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Tester Backs Disclose Act to Ensure Transparency in Elections

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Location: Washington, DC

Senator Jon Tester is determined to prevent secret money from undermining America's democracy and to bring more transparency to American elections.

Tester today again voted for the Disclose Act. The bill requires any organization or individual who spends $10,000 or more on a political campaign to report it within 24 hours.

Due to the U.S. Supreme Court's 2010 Citizens United decision, corporations currently can spend unlimited money to influence elections without any transparency or accountability. Tester says that means corporations can try to buy American elections without anyone even knowing who they are.

"The Citizens United decision has already dealt a blow to our democracy," Tester said on the Senate floor. "It's allowing a handful of billionaires, corporations and secretive groups that represent special interests to try and buy votes. The Disclose Act is a responsible step toward making sure that people decide the course of our future."

Tester, along with most Montanans, has always opposed the unpopular 2010 Citizens United decision. In highlighting his opposition to the decision, he noted Montana's century-old law that limited the influence of wealthy corporations. The 1912 initiative, recently overturned by the U.S. Supreme Court, was passed in response to mining corporations using their money to buy election outcomes.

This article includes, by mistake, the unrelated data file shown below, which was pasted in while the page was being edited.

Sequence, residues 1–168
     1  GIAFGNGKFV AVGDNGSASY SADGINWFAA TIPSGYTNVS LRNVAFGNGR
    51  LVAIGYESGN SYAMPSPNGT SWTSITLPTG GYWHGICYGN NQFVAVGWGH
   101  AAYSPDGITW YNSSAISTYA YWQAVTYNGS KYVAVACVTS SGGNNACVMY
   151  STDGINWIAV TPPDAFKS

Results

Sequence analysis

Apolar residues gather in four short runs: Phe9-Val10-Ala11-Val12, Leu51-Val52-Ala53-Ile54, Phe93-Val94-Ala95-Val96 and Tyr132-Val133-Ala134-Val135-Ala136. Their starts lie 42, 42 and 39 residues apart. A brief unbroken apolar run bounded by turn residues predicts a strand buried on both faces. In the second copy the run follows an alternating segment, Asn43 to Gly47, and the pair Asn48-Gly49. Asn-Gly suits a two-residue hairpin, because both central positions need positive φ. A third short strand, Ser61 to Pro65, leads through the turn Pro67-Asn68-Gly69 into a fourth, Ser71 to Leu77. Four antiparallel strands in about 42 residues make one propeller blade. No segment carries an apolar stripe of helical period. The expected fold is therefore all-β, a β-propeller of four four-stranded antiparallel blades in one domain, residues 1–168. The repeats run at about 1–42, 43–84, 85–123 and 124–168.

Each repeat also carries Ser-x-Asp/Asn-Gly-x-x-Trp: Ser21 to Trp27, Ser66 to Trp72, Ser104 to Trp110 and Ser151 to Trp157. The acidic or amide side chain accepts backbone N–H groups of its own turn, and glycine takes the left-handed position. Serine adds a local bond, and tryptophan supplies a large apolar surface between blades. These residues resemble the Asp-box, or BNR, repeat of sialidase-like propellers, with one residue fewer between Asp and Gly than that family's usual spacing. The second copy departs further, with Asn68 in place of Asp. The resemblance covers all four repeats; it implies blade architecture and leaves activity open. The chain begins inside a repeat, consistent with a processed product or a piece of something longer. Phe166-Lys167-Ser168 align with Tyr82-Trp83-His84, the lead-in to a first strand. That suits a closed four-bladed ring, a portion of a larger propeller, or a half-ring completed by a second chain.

"Transparency keeps people from being able to buy something that all Americans are entitled to no matter how much money they have: the power to vote," Tester said. "The Disclose Act strengthens our freedom to make informed decisions about our democracy."

Tester supports amending the Constitution to undo the Citizens United decision and to guarantee the right of states to regulate their elections -- ensuring transparency and accountability at both the federal and state levels.

Tester, a member of the Senate Government Affairs Committee, also recently cast the only vote against a bill that would block public disclosure of campaign contributions made by corporations that contract with the federal government. He called out his colleagues for supporting the bill, saying they "missed an opportunity" to bring more transparency to government.


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